The second placer is the candidate who obtained the highest number of votes in an election, but second only to the winning candidate. The second placer is always considered a loser. In fact, such a candidate is considered as one, falling behind the ‘demarcation line’ after the group of winning candidates. According to the rulings, he or she has not obtained the plurality of votes and thus, is not the choice of the Filipino people.
To cite a classic example, there is the case of Pepong, (a hypothetical name), running for the office of mayor in Baguio City sometime in 1988 but was disqualified for possessing a foreign citizenship which is a ground for disqualification to hold public office. He was ordered to vacate his office and to surrender the same to the Vice-Mayor pursuant to section 44 of the Local Government Code. The next time Pepong decided to run for office in the same city, was in 1992 where filed his certificate of candidacy, again, for Mayor. A disqualification case was immediately filed by another mayoralty candidate based on the ground that Pepong is not a natural-born citizen of the Philippines. Unfortunately for Pepong, the case was decided against him, even though he won in the elections. Finding Pepong and the second placer (the one who filed the disqualification case), both ineligible, the Vice-Mayor elect became Mayor.
In recent decisions of the Supreme Court, however, the second placer is given an opportunity to finally become a winner when he or she is allowed to take the place of the winning candidate. One case would be where Pepong, a natural-born citizen of the Philippines acquires US citizenship and thereafter returns to the Philippines to run for office in the 2010 National and Local elections, he tries to reacquire his Filipino citizenship under RA 9225 (Citizenship Retention and Reacquisition Act of 2003), he would have been successful, had it not been for the fact that, immediately thereafter, he used his US passport more than four times. So even if he won as mayor in the elections, he was disqualified for possessing dual citizenship. It was not the Vice-Mayor that took his place but it was the second placer. This was because Pepong is considered to be an ineligible candidate, it is as though, there is no candidate at all and the second placer is the one who obtained the highest number of votes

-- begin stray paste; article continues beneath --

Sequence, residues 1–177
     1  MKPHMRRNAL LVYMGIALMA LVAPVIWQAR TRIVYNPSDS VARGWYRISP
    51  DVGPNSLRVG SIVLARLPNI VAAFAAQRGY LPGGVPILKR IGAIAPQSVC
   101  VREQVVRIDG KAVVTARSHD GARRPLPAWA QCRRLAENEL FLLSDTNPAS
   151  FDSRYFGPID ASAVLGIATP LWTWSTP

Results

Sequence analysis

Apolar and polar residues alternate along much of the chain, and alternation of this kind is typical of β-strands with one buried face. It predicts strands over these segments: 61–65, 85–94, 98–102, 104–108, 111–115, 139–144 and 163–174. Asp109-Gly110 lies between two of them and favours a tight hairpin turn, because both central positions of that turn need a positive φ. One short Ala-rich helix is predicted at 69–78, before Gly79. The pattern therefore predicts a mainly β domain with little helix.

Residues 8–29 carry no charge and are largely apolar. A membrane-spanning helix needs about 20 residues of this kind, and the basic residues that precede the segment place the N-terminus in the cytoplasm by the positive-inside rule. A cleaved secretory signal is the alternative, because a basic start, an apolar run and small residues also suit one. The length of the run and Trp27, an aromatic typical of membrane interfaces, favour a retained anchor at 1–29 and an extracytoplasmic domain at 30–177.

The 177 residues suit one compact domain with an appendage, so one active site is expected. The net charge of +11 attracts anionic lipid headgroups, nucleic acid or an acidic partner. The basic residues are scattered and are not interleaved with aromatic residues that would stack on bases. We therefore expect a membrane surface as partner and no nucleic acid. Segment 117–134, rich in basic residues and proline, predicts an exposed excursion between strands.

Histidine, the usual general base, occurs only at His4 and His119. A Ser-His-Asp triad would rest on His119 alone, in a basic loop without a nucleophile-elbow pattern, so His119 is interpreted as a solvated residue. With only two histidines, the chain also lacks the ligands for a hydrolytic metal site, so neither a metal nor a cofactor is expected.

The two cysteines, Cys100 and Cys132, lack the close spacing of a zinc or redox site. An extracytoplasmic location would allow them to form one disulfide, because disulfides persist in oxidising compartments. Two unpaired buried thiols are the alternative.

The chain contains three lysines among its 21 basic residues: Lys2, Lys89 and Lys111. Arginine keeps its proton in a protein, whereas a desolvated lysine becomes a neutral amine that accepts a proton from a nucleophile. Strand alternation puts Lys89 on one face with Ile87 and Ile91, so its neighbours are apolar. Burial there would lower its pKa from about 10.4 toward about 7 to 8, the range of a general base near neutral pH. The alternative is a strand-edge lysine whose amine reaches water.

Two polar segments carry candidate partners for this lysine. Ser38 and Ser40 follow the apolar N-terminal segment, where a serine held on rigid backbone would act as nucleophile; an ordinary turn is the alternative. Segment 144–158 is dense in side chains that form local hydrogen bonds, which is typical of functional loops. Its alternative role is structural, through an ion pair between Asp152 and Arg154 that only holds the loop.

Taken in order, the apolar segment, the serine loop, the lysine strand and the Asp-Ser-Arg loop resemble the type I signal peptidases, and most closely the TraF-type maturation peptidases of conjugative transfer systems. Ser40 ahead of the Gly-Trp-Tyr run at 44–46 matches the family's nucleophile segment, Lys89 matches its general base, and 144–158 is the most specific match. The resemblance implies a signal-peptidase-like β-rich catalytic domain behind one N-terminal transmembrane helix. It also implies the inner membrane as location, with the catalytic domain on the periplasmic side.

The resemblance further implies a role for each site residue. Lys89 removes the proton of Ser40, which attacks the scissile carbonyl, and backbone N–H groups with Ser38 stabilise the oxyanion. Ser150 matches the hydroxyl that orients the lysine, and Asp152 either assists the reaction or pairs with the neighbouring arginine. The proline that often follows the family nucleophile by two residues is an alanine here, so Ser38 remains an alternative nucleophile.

from among the qualified candidates. This same candidate Pepong again ran in the next elections in 2013 but because of his failure to follow a requirement under RA 9225, he was disqualified even if won in the elections. For the same reasons stated above, it was the second placer who took his place.
In another local case, Pepong ran for the office of Mayor in a municipality in Benguet in 2004, he was disqualified because he was previously convicted of a crime involving moral turpitude. The person who succeeded him was not the Vice-mayor elect but the second placer. The second placer was also considered as the only qualified candidate for mayor. Pepong was considered ineligible from the very beginning.
Given the above-mentioned cases, a second placer can be a winner after all. Indeed, jurisprudence in our country can change from time to time and these changes greatly benefit the second placer – for this moment.
A more detailed discussion concerning the theory of the Second Placer will be made in our Election Day Balitaktakan Segment on July 16, 2021 at 9:00 o’clock in the morning at RNG Luzon. See you there.
**All comments mentioned in this article are made in my personal capacity as a lawyer and are not made as an employee of the Commission on Elections (Comelec).